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Mark Hutchison

Lieutenant Governor of Nevada

By Ashley Losoya

Lieutenant Governor Mark Hutchison is a third-generation Nevadan. After graduating from Bonanza High School, he earned a business administration degree from the University of Nevada, Las Vegas and received his law degree, magna cum laude, from Brigham Young University. He is a business owner who built his law firm, Hutchison & Steffen, from the ground up starting in 1996, and it is now one of Nevada’s largest law firms. In 2014, while serving as State Senator, Hutchison won the general election to serve as Nevada’s 34th Lieutenant Governor. He dedicates his time in public office to promoting economic development, job growth, and Nevada’s world-class tourist destinations, along with supporting policies to strengthen families and improve educational opportunities for Nevada students. He and his wife Cary have six children and six grandchildren.

What do you consider to be your most important role as the Lieutenant Governor of Nevada?

Although this is a broad generalization, I believe most challenges that we face can be solved by two things: a good job and a strong family. With that in mind, I have supported and will continue to pursue policies and legislation that enhance economic opportunities and prosperity for Nevadans and that strengthen their families. I want every Nevadan to have the chance to pursue the American Dream.

Have you seen that ‘pursuit of the American Dream’ play out in your own life?

Absolutely. My father and mother taught me to work hard from a young age and instilled in me the belief that if I set goals and worked hard I could achieve whatever I wanted to achieve. I began with a newspaper route at age 11. I then started working at age 12 at a local equipment rental company where my father was the general manager. I continued to work there through high school and college, which enabled me to go on to law school and move ahead professionally to provide for myself and my family. None of that would have been possible without the opportunities afforded to me by living in this country. If there’s one thing America should be—it’s the land of hope and opportunity, where everyone has the chance to succeed.

During your time in office, you’ve been vocal about one issue that is particularly close to your heart. Tell us about that.

I’ve had the privilege of traveling to Israel twice as an elected official, and I’m headed there again in the coming weeks. I was struck by the hospitality and warmth of the Israeli people. And, of course, Israel is the greatest ally America has in a very dangerous part of the world. During the 2017 legislative session, I was honored to introduce legislation against the growing Boycott, Divestment, and Sanction (BDS) campaign. I was thrilled when Senate Bill 26 passed last year, after months of hard work by many people and organizations that support Israel. This new anti-BDS law ensures that Nevada does not do business or invest with businesses that make economic decisions based on politics that discriminate against Israel. Nevada should undoubtedly be concerned with any company motivated by politics over legitimate business performance.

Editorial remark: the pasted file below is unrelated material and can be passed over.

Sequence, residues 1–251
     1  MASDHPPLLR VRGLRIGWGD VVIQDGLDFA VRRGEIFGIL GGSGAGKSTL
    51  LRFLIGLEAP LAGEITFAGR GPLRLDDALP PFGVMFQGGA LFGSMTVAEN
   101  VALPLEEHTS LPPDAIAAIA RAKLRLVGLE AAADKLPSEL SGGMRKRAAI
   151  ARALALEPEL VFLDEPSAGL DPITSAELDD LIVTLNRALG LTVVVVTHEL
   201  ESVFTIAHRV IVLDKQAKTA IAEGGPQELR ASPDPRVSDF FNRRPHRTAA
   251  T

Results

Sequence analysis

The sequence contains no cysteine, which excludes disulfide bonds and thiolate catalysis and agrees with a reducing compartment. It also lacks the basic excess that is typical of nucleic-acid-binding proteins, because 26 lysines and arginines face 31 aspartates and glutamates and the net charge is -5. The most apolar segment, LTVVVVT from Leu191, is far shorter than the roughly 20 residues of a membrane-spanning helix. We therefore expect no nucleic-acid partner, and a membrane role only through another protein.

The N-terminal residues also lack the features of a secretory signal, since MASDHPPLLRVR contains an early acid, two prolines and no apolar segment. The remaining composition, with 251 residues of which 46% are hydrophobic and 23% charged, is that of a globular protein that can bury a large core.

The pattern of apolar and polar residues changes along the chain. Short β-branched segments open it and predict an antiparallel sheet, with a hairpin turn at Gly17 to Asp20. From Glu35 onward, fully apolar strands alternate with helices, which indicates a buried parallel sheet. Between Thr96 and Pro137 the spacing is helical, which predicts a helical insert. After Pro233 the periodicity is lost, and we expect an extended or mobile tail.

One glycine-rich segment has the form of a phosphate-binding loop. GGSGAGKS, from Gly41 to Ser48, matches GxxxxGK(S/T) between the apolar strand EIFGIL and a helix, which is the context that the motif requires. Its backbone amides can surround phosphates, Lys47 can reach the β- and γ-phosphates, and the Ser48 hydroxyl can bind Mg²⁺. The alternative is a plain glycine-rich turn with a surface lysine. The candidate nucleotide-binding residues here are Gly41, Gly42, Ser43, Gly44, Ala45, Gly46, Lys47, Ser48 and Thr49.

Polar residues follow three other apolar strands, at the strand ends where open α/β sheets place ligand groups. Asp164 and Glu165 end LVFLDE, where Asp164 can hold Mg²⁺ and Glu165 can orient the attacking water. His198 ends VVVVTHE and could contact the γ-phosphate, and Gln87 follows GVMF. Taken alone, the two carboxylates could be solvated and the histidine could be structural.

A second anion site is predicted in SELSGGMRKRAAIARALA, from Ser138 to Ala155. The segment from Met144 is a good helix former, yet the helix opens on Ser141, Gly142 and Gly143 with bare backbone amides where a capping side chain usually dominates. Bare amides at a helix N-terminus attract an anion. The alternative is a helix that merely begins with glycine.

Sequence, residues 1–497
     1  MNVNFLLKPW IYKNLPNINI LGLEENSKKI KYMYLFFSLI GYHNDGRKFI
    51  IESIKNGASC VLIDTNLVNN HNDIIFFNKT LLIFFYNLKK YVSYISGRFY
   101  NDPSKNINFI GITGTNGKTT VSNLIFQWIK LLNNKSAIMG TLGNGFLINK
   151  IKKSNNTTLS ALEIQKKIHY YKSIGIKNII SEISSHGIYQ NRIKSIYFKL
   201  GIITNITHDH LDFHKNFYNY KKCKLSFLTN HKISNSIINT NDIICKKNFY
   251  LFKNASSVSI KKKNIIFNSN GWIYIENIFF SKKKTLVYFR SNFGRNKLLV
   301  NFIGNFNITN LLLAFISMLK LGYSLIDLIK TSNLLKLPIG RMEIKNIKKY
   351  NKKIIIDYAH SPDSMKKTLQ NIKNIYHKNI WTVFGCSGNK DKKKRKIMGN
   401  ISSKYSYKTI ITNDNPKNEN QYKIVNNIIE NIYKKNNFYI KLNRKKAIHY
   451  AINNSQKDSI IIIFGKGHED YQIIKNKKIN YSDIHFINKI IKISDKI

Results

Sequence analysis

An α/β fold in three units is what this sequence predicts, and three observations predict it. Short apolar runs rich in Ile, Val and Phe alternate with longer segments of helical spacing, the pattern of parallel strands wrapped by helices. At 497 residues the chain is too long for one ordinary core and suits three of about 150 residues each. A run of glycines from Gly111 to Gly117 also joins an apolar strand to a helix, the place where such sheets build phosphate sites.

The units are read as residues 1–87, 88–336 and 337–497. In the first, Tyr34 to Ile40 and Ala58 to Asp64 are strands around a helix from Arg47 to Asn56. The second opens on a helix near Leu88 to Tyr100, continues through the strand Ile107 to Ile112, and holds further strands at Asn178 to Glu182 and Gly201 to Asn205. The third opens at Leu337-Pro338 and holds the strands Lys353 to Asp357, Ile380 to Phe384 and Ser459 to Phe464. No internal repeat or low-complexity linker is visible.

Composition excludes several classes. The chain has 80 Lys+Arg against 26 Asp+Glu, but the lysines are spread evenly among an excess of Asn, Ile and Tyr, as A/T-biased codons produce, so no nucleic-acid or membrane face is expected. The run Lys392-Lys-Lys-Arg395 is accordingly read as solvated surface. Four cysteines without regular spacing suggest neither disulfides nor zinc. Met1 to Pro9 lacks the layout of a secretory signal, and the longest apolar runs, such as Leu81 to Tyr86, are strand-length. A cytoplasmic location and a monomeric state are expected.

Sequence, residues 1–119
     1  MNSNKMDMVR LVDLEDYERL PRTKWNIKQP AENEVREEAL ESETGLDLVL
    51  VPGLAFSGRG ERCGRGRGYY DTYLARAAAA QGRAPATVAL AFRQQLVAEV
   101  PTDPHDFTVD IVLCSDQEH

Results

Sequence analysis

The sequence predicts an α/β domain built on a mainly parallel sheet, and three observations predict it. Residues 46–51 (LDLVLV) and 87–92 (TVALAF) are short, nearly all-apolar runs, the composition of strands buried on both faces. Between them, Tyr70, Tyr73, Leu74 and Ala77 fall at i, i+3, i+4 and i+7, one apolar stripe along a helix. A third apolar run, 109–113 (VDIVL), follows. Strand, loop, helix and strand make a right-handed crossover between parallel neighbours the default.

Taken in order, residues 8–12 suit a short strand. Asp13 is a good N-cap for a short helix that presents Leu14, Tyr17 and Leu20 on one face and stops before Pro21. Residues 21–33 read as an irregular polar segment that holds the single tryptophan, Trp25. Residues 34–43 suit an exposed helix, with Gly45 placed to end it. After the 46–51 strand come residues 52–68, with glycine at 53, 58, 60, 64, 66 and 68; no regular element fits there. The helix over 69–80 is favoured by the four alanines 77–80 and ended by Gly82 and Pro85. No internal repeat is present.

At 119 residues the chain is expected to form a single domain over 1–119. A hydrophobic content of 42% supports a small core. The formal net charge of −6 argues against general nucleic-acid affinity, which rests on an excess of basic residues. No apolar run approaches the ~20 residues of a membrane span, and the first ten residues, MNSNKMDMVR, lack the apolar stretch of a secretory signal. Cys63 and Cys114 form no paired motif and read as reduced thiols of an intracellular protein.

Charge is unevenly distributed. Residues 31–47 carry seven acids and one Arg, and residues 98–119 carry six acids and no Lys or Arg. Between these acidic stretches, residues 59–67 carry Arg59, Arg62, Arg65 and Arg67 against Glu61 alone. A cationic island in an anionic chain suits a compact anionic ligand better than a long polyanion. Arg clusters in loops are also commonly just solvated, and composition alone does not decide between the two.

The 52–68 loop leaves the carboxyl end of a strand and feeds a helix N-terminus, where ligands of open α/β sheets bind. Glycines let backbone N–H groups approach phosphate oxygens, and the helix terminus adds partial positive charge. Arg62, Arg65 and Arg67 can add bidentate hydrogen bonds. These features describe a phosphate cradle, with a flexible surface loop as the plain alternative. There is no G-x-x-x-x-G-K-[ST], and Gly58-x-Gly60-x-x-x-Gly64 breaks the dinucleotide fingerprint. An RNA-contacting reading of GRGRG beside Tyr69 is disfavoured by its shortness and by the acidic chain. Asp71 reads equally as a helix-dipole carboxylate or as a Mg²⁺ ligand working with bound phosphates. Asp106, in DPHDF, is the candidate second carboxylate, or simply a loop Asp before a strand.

So what is your take on the recent move to declare Jerusalem as the capital of Israel?

I applaud and strongly support the decision to move the U.S. embassy to Jerusalem. Recently, I joined with many of my fellow Lt. Governors across the county to express this sentiment in a letter to President Trump. Israel is one of this country’s closest allies and friends, so I believe this is the right thing to do.  Jerusalem has been and continues to be the epicenter of Israel’s cultural and religious history. This move simply acknowledges that truth and validates our Israeli partners.

Most people are aware by now that you’re not seeking re-election this year. How did you come to that decision?

Serving as the Lieutenant Governor of Nevada has been one of the greatest honors of my life. As a proud Nevadan, born and raised here, serving my constituents has been particularly meaningful and rewarding. But I have a large and growing family and large and growing law firm, which are both worthy of my attention. My six children have blessed me with six grandchildren—and another on the way— with many more to come! My firm, Hutchison & Steffen has recently expanded by adding two offices in northern Nevada. With those priorities in mind, I felt it best to forego another campaign in 2018 and possible term. So, I’m taking a pass on this election cycle but leaving open future possibilities.

Looking back on your time as Lt. Governor, would you encourage others to run for public office?

Definitely. We need more Nevadans to influence the political process. I often remind my friends and constituents, “You can ignore politics all you want, but politics will not ignore you.” I’d like to see more hardworking Silver State residents run for public office, whether it’s on the state, county or city level. If that’s too much of a commitment now, get involved in politics through lobbying, testifying at hearings, or meeting with elected representatives to tell them what’s going on in the community and what you expect them to do to improve the lives of Nevadans. There are endless possibilities to contribute and ensure your voice is heard.

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